$23 million
2008 Compensation (Forbes)
$24,300,112
Total Value of Unexercised Options (Forbes)
$194,496,797
Williams is in the top
ten of Forbes'
"$100 Million CEO Club."
Coventry CEO
Allen Wise
CEO from 1996-2004, and from January 2009-Present
2004 Compensation (Forbes)
$13,052,799
2006 Sale of Stock
$14,458,251
2006 Options Exercised
$2,895,000
2005 Sale of Stock
$46,410,695
2005 Options Exercised
$6,709,564
2004 Sale of Stock
$12,826,756
2004 Options Exercised
$4,798,000
Value of Hilton Head, SC Home (Beaufort County Assessor)
$3,275,500
WellPoint CEO
Angela Braly
2007 Compensation (secinfo)
$9,094,271
2008 Compensation (Forbes)
$9,844,212
2006 Sale of Stock (SECForm4)
$4,858,585
2006 Options Excerise(SECForm4)
$4,566,124
Value of Indianapolis Home
$1,987,700

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Ok. Let's get back on topic. I was afraid that this thread would go down this political road. There is nothing wrong with debating this but not here. Please take it to a new topic if you wish to proceed. Thanks for all of the replies. It's been an education and a good subject to share one's experiences about.

 

Greg

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Americans seem to get paid more. As I say, I have no political axe to grind. I just want it to work.

 

P

I haven't seen a comparable pay chart to know for sure, but you're likely correct. However, it's also likely that Americans on the whole pay more OUT to get products and services than Europeans do.

 

-University costs are exorbitant in the US

 

- as well as health insurance, as mentioned

 

-Many people also put their children through private elementary and High Schools because public education is being gutted by Conservative policies.

 

- We also pay a lot for our Defense Department which, arguably, is subsidizing the defense costs of many European nations which don't have to spend as much because they rely on the US taxpayers to defend their interests for them.

 

- US taxpayers also hand out billions in subsidies to for-profit industries, such as Oil, Coal, and the film industry.

 

There's a lot of whining about high taxes in the USA even though taxation is actually on the low-end of the scale relative to our history. Of course most of that whining is directly or indirectly aimed at "welfare" and "food stamps" and anything that is considered part of the social safety net. What Conservatives don't seem to want to understand is that those programs wouldn't be necessary if we taxed the wealthy sufficiently (as we did in the period between 1932 and 1980), ensured high employment and high pay for labor (which we did between 1932 and 1980 prior to GATT/NAFTA), regulated the financial sector to prevent economic bubbles and meltdowns (as we did between 1932 and 1980), provided free education K-PhD level, and free health care to everyone. And for god's sake, stop spending 4% of our GDP on "Defense."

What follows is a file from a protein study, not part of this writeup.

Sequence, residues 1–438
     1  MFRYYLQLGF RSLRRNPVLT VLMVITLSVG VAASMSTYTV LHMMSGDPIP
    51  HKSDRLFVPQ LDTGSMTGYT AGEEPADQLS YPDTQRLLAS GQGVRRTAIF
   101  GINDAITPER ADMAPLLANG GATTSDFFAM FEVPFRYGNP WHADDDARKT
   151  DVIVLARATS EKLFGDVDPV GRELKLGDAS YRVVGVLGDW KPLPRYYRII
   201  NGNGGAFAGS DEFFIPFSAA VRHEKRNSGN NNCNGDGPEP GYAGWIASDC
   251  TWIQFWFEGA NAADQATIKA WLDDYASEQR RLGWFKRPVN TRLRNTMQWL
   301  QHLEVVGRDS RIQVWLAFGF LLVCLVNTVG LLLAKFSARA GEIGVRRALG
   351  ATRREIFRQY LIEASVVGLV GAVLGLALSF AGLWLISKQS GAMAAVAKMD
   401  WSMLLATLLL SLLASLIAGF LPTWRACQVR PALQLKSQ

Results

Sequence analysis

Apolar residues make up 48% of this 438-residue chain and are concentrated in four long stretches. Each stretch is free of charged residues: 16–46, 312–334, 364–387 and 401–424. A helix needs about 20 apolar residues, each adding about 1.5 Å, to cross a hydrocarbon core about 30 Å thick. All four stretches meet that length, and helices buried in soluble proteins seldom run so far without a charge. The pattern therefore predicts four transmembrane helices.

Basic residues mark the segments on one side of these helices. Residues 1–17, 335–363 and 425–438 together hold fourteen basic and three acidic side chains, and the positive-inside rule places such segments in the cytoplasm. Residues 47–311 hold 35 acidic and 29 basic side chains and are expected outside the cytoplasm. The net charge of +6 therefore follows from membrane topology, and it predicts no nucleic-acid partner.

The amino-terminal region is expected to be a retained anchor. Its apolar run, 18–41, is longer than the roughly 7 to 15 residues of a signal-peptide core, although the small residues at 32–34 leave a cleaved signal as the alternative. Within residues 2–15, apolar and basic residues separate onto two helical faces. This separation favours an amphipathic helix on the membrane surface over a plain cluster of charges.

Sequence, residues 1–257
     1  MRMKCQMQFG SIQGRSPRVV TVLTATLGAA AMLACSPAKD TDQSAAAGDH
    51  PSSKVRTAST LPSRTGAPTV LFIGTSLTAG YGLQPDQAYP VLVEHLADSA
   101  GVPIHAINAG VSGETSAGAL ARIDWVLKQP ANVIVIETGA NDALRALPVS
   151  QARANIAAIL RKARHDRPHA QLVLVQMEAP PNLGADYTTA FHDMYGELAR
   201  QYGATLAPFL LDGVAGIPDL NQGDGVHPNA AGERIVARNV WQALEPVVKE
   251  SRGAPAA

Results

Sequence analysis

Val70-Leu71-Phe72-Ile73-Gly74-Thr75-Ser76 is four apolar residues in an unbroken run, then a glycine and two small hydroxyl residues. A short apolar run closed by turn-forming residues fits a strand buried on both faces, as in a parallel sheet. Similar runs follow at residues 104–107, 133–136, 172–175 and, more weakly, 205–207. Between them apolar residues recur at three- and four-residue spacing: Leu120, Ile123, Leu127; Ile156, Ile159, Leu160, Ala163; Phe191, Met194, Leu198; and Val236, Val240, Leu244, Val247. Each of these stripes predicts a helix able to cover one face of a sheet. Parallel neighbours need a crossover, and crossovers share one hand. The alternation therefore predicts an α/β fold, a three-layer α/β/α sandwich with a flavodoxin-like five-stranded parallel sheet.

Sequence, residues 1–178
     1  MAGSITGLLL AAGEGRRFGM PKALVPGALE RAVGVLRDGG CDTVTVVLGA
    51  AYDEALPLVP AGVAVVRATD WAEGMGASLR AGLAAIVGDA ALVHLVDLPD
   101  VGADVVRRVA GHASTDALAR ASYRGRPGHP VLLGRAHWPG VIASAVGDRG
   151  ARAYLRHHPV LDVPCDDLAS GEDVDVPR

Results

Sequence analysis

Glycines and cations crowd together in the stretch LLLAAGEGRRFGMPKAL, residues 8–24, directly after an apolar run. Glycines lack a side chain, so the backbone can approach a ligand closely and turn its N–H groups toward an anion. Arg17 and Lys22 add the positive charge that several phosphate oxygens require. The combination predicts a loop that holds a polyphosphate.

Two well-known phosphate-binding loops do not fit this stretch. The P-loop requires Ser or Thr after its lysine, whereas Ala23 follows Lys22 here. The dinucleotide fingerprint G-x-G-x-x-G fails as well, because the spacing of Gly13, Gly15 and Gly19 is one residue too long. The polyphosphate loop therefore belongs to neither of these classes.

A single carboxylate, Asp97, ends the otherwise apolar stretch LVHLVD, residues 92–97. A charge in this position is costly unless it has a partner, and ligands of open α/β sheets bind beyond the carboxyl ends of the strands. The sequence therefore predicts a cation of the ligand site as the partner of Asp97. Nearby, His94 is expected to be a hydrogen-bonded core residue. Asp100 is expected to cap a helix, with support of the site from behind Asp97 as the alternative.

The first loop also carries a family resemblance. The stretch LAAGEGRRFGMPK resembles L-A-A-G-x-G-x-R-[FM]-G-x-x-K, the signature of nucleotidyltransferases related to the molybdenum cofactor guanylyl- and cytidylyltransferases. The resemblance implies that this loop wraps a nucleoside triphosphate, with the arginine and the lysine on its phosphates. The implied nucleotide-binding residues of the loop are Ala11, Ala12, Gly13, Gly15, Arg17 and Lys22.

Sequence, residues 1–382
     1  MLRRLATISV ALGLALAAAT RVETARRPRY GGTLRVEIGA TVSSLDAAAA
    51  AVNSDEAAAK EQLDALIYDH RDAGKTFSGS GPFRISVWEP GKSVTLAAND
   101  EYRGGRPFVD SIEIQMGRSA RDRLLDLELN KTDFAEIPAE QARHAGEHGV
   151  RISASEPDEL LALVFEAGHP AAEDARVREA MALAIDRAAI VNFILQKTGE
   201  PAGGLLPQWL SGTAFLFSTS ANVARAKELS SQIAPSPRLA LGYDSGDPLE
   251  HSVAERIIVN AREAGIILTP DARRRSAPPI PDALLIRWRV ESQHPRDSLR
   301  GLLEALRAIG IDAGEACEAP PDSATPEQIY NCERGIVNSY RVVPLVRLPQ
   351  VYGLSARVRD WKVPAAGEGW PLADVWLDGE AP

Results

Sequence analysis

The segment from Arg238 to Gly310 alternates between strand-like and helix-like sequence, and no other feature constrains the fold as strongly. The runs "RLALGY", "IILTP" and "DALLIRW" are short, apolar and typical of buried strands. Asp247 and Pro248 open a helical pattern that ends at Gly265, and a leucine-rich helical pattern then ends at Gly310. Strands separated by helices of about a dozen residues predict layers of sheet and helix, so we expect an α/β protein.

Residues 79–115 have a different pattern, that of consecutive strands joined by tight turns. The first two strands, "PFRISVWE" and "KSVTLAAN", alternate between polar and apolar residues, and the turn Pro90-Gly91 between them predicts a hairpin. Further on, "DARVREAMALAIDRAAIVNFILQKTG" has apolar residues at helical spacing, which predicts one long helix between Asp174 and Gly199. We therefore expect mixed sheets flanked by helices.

Redirecting the taxes we do collect into public investment instead of funneling money to the top 10% has worked in the past and can work in the future. "Trickle Down" as preached by the likes of Milton Friedman and Ronald Reagan is a proven failure, but has so permeated the fabric of multiple societies that only a massive re-education campaign can possibly reverse the incessant damage it is causing.

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I don't know if my particular situation applies because I operate (no pun intended, but it works all the same) outside the normal paradigm of a motion-picture camera department.

 

I started as a Loader and Second on non-union projects until I was on one that turned union in the middle. After that, the pay increased dramatically and suddenly I was earning hours toward health insurance/care through Motion Picture.

 

After other nations began poaching our work by subsidizing a for-profit industry, I segued quite by accident into shooting behind-the-scenes, blending my long experience shooting video with my experience on movie sets. The union card helped too.

 

What changed money-wise was that I was making a lot more. Non-union doesn't always mean earning less. In my little niche of the world, this is partially because previous generations had gotten the rates up. Also contributing to that is we aren't typically paid via payroll, meaning if I invoice out for $700, then I get a $700 check, which means that most of my income is 1099'd so I'm having to pay quarterly taxes. It also means that I'm NOT usually earning any hours toward healthcare even though the vendors and studios which hire them and me sort of kinda "require" EPK/BTS to be union members. Obviously that in turn means that I am paying to get my own health coverage because I can't count on earning enough union hours to qualify for Motion Picture.

 

 

 

The idea behind quarterly taxes is that you are in business for yourself, and as such, you can write off your health care costs, your travel expenses, supplies, equipment, and other expenses relating to the cost of doing business.

 

The idea is that if you're business is functional, then you can pay for your own health care, and, if you're self employed, and you are your own employee, then you can write that off at the end of the fiscal year.

 

p.s. can someone post some typical rates in other countries? UK? France? Germany?